• Make Dipping Sauce: Whisk or vigorously stir all dipping sauce ingredients in a medium mixing bowl until very smooth, with no mayonnaise clumps remaining. Cover and refrigerate until ready to serve.
  • Serve: Slice each cooled artichoke in half, down the stem, handling them carefully to avoid breaking off tender leaves. Scoop out and discard fuzzy needle-like white centers and purple leaves from each artichoke half using a spoon. Arrange artichokes on serving plates. Optionally, lightly brush cut surfaces with olive oil, and season with pepper, salt, and thyme. Serve with prepared dipping sauce and an empty plate for discarded leaves (Note 10).


Makes 4 Servings
Amount Per Serving (1 artichoke half w/ sauce):
Calories 200 (83% from fat)  
Total Fat 19g 29%
   Saturated Fat 2g 9%
Cholesterol 13mg 4%
Sodium 450mg 19%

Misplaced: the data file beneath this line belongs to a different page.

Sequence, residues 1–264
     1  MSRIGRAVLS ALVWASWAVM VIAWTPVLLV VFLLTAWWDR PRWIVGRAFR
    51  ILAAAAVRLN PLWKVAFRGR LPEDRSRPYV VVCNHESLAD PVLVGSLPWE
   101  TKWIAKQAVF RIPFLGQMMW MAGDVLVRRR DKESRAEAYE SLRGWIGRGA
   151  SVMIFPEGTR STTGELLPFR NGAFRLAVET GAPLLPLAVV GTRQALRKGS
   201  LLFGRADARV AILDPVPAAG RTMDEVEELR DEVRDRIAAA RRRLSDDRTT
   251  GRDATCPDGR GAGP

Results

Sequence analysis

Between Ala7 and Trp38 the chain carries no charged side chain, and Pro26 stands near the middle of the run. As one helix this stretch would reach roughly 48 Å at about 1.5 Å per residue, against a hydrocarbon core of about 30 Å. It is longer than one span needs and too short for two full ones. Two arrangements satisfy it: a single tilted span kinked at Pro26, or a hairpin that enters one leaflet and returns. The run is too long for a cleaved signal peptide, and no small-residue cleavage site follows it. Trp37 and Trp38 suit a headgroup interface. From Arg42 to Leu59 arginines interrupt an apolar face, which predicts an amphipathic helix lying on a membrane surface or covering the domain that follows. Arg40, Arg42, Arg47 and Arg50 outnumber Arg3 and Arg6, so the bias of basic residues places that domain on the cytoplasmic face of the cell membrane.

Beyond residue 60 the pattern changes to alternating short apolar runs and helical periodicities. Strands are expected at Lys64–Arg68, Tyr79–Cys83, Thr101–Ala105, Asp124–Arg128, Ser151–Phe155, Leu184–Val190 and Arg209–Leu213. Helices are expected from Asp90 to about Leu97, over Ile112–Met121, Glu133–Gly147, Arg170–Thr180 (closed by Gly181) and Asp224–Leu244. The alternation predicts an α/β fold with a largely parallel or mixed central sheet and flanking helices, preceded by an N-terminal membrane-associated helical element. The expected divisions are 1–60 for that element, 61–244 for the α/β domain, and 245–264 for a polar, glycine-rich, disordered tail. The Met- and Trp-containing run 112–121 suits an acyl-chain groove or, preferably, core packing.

Net Carb 4g  
Total Carb 7.5g 3%
   Dietary Fiber 3.5g 14%
   Sugars 1g  
Protein 2g  
Vitamin A 0% · Vitamin C 14% · Calcium 3% · Iron 4%



(1) Selecting Artichokes. Use globe artichokes, which are green, round, and large (about 1 pound each), not the elongated types. Select ones with tightly formed leaves and a vibrant green color, avoiding any that look dry, have very woody stems, or have loose or split leaves. Artichokes are in season from March to May, although you can find them in many U.S. supermarkets year-round. Selecting fresh, high quality artichokes makes a huge difference in this dish; if you select a bad artichoke, it can taste dry or tough even if you nail all of the cooking steps.